- West Indies v England, 2nd ODI
England look to up their end game
Match FactsMarch 2, Antigua
Start time 9.30am (13.30GMT)
The Big Picture
Stuart Broad described England's performance as "brilliant" for all but the last 10 overs of each innings against West Indies in the opening ODI in Antigua as they conceded 269 for six and then collapsed to lose by 15 runs.
Those less persuaded by England's talk of a new era were less impressed. England did concede 116 in those last 10 overs (and even more strikingly 85 off the last five as Dwayne Bravo and Darren Sammy went ballistic), but total satisfaction arguably only applied to the first 16 overs with the ball when they took four West Indies wickets, and disappeared with the bat the minute Michael Lumb left the crease.
Broad's decision not to bowl Ben Stokes on such a turgid, unresponsive surface was a strong-minded call which based on Stokes' recent one-day displays possessed some logic, but his decision to risk Joe Root's offspin in the closing overs was asking too much and, as the West Indies set themselves up for the final onslaught from Bravo and Sammy, Ravi Bopara seemed worthy of a spell on such a surface.
West Indies, by contrast, will delight in how they twice turned the game in their favour with both bat and ball, recovering once more after Lumb's hundred had seemingly put England within range of victory. They were helped by England's confusion, by Broad's own admission, over what constitutes a wide in one-day cricket. It seems as if their research is not all it is cracked up to be.
(completed matches, most recent first)
West Indies WWWLL
Watch out for...
Sunil Narine was identified as a key figure before the opening ODI and nothing has changed. Only Lumb seemed to read him with any confidence. England's record against unorthodox spin (and often spin of any sort) in limited-overs cricket remains poor and, with World Twenty20 set for Bangladesh this month, they urgently need to wise up.
There was much to admire about Moeen Ali's England debut, but it did nothing to dispel his reputation as a maker of delicate 40s: that is exactly what he did, and he was faltering before he got out weakly. Whether he can develop the habit of playing long innings will ultimately decide his international future.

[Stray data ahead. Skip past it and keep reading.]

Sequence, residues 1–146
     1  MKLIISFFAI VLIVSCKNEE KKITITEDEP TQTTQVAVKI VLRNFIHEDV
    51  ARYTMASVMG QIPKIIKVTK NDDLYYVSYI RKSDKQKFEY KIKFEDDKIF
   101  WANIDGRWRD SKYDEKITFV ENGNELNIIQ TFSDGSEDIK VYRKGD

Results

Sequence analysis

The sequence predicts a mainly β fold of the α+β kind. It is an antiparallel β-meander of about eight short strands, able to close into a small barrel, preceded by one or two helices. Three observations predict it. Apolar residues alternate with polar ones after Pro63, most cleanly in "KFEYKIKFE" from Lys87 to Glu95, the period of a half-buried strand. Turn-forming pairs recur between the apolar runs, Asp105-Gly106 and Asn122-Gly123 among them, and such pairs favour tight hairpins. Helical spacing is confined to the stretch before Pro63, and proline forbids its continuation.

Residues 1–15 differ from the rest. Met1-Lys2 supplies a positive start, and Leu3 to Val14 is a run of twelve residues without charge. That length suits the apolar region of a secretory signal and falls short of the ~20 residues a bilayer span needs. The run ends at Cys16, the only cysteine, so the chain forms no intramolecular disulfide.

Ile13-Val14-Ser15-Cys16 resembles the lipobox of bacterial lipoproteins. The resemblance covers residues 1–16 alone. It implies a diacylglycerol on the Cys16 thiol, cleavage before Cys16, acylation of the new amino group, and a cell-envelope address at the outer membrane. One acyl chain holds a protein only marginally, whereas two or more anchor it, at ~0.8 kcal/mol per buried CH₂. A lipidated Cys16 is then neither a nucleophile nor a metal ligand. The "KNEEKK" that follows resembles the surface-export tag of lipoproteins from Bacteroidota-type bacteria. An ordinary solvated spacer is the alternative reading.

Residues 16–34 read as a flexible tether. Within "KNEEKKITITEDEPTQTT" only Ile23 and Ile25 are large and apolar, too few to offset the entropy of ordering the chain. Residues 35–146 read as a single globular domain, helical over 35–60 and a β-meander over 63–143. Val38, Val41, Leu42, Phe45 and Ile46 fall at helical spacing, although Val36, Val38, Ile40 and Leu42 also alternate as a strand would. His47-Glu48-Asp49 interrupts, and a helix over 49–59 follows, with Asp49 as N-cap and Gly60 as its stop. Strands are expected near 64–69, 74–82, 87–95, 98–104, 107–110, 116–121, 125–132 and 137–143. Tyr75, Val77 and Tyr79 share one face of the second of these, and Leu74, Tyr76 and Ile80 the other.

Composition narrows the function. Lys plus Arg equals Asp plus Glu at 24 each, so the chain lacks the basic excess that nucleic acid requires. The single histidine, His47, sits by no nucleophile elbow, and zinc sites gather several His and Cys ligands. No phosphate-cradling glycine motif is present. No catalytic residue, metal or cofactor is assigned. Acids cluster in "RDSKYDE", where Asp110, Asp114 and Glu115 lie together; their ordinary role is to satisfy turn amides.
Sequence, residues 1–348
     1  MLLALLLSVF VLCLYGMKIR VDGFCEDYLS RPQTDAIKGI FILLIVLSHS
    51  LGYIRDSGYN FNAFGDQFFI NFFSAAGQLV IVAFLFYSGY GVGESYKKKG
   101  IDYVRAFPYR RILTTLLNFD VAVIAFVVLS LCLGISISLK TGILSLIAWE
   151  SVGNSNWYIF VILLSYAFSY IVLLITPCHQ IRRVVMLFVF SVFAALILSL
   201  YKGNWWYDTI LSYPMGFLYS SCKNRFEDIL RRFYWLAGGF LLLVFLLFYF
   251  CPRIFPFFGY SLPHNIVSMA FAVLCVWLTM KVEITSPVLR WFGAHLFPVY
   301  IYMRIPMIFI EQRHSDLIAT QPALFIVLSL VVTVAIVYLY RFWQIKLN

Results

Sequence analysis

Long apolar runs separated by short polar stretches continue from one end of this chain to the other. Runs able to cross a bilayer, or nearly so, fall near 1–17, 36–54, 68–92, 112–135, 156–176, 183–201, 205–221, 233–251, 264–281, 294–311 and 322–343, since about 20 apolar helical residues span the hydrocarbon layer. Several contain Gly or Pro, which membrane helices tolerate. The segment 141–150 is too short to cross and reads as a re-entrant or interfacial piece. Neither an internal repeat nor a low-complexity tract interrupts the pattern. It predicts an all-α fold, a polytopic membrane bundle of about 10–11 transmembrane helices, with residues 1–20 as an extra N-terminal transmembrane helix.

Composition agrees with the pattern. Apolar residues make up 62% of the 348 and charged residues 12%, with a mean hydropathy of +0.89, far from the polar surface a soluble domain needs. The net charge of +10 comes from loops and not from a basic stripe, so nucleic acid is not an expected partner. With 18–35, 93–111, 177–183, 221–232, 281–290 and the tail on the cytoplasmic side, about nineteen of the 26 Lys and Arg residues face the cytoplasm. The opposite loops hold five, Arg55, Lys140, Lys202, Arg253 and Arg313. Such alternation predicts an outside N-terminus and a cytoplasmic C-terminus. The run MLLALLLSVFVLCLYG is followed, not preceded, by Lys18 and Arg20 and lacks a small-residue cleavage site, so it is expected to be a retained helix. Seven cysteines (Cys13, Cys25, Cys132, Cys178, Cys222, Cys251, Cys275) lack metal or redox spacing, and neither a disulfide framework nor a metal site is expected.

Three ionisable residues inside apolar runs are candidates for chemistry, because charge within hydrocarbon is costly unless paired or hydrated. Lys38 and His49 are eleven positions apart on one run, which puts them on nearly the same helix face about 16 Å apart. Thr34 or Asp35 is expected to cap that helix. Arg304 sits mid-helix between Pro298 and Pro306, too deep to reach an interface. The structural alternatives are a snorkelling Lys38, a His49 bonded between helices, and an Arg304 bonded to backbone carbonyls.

West Indies might be tempted to give left-arm spinner Nikita Miller a go after observing England's problems against Sunil Narine, although it is difficult to see how they could balance the side so an unchanged XI is more likely.
West Indies (possible) 1 Dwayne Smith, 2 Kieron Powell, 3 Kirk Edwards, 4 Darren Bravo, 5 Lendl Simmons, 6 Dwayne Bravo (capt), 7 Darren Sammy, 8 Denesh Ramdin (wk), 9 Sunil Narine, 10 Ravi Rampaul, 11 Jason Holder.
England will take no risks with either Eoin Morgan or Alex Hales ahead of World Twenty20. With no obvious alternative available for Luke Wright, perhaps Tim Bresnan is most under threat if England decide to make changes, with Jade Dernbach and Stephen Parry in the wings.
England (possible) 1 Moeen Ali, 2 Michael Lumb, 3 Luke Wright, 4 Ben Stokes, 5 Joe Root, 6 Ravi Bopara, 7 Jos Buttler (wk), 8 Tim Bresnan, 9 Stuart Broad (capt), 10 Chris Jordan, 11 James Tredwell
Pitch and conditions
The lack of pace in West Indies' pitches must be a factor in their general decline, but judging by the first ODI, nothing is about to change. The pitch will be re-used and is unlikely to be any livelier than first time around.
Stats and trivia
- Michael Lumb was the ninth batsman to make a century on his ODI debut, and the second England batsman, following Dennis Amiss against Australia at Old Trafford in 1972. Andy Flower, who stood down as England's team director soon after their Ashes whitewash, was, incidentally, one of the others.
- Curtly Ambrose, one of three former West Indies players to be knighted during the first ODI, marked the honour by some celebratory tunes at a nearby casino in his role as bass guitarist in a reggae band.
"Over 250 we back our bowlers."
Dwayne Bravo, West Indies captain
"If I'm brutally honest, we had quite a strong plan to bowl wide yorkers and
get the guys hitting into the big wind, and we got done a little bit by not
knowing the rules, I suppose."
Stuart Broad, England captain, bemoans confusion over the wides regulations in ODIs
David Hopps is the UK editor of ESPNcricinfo